Answering the above questions will allow you to create realistic goals for your sales company.
While it’s always nice to chase lofty dreams of very high revenue, if that’s not attainable, then you’re wasting the time and effort of each member of your sales team.
Review all the information you have to this point to decide what the appropriate sales quotas should be like.
You also want to create a timeline for the growth of your sales teams. You might mark this by how many new products/services they sold or how many new markets they reached.
You could focus more on the conversion rate as your main metric.
Once you know where to position your company, you can let loose with your sales strategy and test it out.
You should have drawn out a functional sales funnel for the members of your sales teams to follow.
They should have specific, targeted markets to chase after with clear goals in mind.
That doesn’t mean there won’t be some hiccups along the way. With a clearly mapped out plan, though, it’s easy to overcome most hurdles and meet your goals left and right.
Earlier, we discussed inbound sales. To recap, this inbound strategy involves both warm and hot calling. With warm calling, you email with a lead first before speaking to them on the phone.
In instances of hot calling, the lead reaches out to you via phone with no scheduled consultation beforehand.
How does this differ from a sales process? To answer that question, we have to clearly delineate between such a process and a sales methodology.
Let’s start with the sales process. A sales process is like the map your sales teams follow to guide a lead through the customer journey and sales pipeline, converting them in the process.
Such a process often differs from your business to that of your competitors and even your competitor’s competitors.
Sometimes you may change up this process somewhat if you introduce a new product or service.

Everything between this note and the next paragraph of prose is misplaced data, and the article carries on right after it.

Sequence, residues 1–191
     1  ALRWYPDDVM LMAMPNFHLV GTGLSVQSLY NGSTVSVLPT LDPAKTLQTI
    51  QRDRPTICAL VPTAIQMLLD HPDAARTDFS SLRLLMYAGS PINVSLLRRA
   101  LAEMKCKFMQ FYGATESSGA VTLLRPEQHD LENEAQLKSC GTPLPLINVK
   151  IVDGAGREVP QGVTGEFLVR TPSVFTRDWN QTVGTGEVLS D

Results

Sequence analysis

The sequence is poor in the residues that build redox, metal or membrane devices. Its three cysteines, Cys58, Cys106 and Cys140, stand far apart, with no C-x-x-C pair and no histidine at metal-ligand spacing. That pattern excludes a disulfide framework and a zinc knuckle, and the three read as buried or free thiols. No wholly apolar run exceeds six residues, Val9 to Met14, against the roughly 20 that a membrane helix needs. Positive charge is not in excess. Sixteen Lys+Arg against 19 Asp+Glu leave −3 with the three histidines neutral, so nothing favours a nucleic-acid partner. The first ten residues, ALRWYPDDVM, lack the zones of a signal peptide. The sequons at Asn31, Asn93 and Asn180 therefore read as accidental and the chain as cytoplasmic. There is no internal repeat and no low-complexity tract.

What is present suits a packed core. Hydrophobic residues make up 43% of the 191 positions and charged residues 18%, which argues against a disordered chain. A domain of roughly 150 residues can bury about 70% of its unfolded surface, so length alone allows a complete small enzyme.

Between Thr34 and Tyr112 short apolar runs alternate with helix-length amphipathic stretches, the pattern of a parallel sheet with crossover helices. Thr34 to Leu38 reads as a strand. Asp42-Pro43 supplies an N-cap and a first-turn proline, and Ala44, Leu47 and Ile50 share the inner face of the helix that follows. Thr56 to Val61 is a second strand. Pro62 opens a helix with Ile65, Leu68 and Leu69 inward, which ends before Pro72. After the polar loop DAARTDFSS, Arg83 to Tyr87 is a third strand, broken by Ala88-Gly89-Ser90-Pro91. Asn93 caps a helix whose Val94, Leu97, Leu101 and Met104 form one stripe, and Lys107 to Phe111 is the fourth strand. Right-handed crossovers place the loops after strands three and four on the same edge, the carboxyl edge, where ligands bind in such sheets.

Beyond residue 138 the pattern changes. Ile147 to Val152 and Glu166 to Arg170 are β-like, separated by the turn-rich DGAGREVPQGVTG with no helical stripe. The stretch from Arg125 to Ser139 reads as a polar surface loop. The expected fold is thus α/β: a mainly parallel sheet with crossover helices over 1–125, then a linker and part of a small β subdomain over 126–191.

The sales process influences the types of prospects you need. That’s an important distinction to make.
You should not start your sales strategy by searching for potential customers and then let them shape your sales processes.
Make your sales process first and allow that to influence the leads you work with.
Okay, so that’s a sales process. What about a sales methodology?
Well, if the sales process involves the entire customer journey from beginning to end, then the sales methodology is just a piece of that pie.
It zeroes in on a particular part of the sales process.
Here are some examples of sales methodologies your company might use with explanations of each:
It’s time now to build a great sales strategy plan. While we’ve provided a lot of great information thus far, you may wonder what the best way to begin with such a plan could be.
We’ve created a sample sales plan you can follow, so watch this section closely.
Your sales action plan should have seven steps, give or take. Let’s dive into these seven steps now.
No sales action plan is complete without goals. You need actionable sales targets your sales teams can work towards and eventually achieve.
As we’ve said, you need to keep a realistic view when making these goals.
Some goals you might focus on include:
Next, you must budget for your upcoming new strategy. This is an internal company budget and should account for your operational tools, the size of your team, and your business overhead.